- Companies must repay bondholders $31 billion in 2016
- Borrowing costs climb from record-low to near highest in year
European utilities from Enel SpA to Engie SA and RWE AG need to repay a record amount of bonds in euros next year as the lowest wholesale electricity prices in 12 years erode profitability.
Europe’s utilities have 27 billion euros ($31 billion) of benchmark bonds in euros maturing next year, the most in data compiled by Bloomberg going back to 1999. The total excludes dollar-denominated deals, which make up 3 percent of the total. Electricity has tracked the decline in oil and commodity prices with German year-ahead power, used as a price benchmark in Europe, sliding to the lowest since 2003.
A Europe-wide shift to renewable energy is squeezing margins at traditional coal and gas-fired power stations, with Germany’s two biggest utilities, RWE and EON SE, being the biggest and third-biggest losers on Germany’s benchmark DAX Index this year. European power companies’ net debt as a ratio of earnings has almost doubled since 2006, helping push the extra yield investors demand to hold utilities’ debt relative to government bonds to near the highest in two years.
“Deteriorating margins, a commodity price rout and uncertainty arising from the transformation of the utility industry means that companies may have to offer a wider spread to the risk-free rate when issuing new bonds,” Elchin Mammadov, a utilities analyst at Bloomberg Intelligence, said by e-mail Monday.
Enel in Rome must repay bondholders 3 billion euros, the most, followed by Engie, the utility formerly known as GDF Suez, and EDP-Energias de Portugal SA, data compiled by Bloomberg show.
Enel and Engie have no need to refinance bonds thanks to having enough cash available, both companies said by e-mail Tuesday. EDP didn’t respond to a request for comment. RWE has not yet decided whether to refinance a senior bond of 850 million euros that is maturing next year, spokeswoman Vera Buecker said by e-mail Tuesday.
The price of Brent crude oil slumped 43 percent in the past year, struggling to sustain levels above $50 a barrel on ICE Futures Europe. German year-ahead electricity, used throughout Europe as a benchmark contract, is at its lowest since August 2003 on the European Energy Exchange AG.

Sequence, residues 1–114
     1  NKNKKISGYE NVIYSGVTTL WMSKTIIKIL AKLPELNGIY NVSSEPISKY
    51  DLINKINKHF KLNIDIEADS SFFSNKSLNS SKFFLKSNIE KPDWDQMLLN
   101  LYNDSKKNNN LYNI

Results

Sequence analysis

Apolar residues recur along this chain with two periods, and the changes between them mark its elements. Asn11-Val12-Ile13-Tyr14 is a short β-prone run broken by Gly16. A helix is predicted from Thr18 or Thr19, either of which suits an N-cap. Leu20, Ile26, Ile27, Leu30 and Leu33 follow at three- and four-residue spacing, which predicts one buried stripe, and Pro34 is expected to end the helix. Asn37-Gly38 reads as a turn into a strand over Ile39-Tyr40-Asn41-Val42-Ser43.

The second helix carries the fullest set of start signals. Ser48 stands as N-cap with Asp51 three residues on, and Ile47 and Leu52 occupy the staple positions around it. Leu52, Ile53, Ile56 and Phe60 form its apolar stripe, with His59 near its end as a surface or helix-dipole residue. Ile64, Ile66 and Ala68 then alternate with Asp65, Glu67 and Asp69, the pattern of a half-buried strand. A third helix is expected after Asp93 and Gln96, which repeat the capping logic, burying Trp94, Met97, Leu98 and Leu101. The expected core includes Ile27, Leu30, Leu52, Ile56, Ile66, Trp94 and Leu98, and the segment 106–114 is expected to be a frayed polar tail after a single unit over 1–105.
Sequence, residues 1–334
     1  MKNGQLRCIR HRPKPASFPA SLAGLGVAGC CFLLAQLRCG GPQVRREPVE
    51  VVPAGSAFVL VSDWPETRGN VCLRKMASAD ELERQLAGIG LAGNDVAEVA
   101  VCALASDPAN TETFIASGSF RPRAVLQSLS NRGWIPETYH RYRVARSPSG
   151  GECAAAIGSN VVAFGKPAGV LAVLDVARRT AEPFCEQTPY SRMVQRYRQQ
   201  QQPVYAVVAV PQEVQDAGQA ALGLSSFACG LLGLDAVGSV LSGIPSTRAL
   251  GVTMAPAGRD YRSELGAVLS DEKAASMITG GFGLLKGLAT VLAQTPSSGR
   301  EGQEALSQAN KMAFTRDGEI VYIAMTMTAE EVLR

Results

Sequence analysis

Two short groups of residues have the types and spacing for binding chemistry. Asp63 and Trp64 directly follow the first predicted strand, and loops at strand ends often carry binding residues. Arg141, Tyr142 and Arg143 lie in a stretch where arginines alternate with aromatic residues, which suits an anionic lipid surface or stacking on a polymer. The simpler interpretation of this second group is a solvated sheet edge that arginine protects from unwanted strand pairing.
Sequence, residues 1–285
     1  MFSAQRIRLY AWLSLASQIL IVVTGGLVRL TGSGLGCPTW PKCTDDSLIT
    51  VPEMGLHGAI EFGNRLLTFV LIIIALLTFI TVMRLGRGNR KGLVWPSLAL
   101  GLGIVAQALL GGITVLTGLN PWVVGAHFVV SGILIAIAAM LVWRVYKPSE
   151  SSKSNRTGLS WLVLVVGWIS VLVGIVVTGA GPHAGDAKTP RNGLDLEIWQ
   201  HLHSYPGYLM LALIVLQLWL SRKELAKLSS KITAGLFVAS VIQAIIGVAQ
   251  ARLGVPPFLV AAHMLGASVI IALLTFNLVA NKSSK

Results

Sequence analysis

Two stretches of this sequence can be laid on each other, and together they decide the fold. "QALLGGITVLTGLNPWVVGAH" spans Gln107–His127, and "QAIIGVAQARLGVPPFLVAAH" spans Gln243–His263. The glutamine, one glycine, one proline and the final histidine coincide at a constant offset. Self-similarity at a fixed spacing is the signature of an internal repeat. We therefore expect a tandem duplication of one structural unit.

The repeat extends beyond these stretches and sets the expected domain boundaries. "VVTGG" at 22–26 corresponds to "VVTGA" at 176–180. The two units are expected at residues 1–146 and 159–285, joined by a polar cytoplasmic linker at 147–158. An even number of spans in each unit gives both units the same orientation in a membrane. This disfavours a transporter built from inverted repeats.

“We are increasingly negative on commodity names,” Patrick Hummel, an analyst at UBS AG in Zurich, said in an e-mailed note Wednesday. Most companies “in this subgroup will likely have to cut dividends,” he said.
The average yield on investment-grade utility bonds has climbed to 1.5 percent, close to the highest in a year, from a record 0.9 percent in March, according to the Bank of America Merrill Lynch Euro Utilities Index. That’s still less than levels of more than 5 percent reached in the global financial crisis.
“For utilities based in central and northern Europe, accessing the credit market should be feasible but at a premium given the ongoing deteriorating industrial environment, financial performance and credit ratings,” said Nadege Tillier, a credit analyst at ING Bank NV in Amsterdam.
Almost half the total maturing next year was sold in 2009, when utilities issued a record 72 billion euros of securities to investors as banks tightened lending criteria because of the financial crisis. Companies included in the Stoxx 600 European Utilities index held about 52 billion euros of cash in total at the end of 2014, up from 18 billion euros in 2004, data compiled by Bloomberg show.
“These companies have strong liquidity positions and should have no problem accessing the market,” Andrew Moulder, a senior analyst at Creditsights Ltd., said by phone from London. “Most utilities have sufficient cash to be able to repay or potentially reissue bonds.”
The leverage of European utilities as the share of their earnings before interest, tax, depreciation and amortization has been rising, climbing to 3.1 at the end of last year from 1.7 in 2006, according to Mammadov. Some companies may choose asset disposals to pay off maturing debt instead of raising borrowing, he said.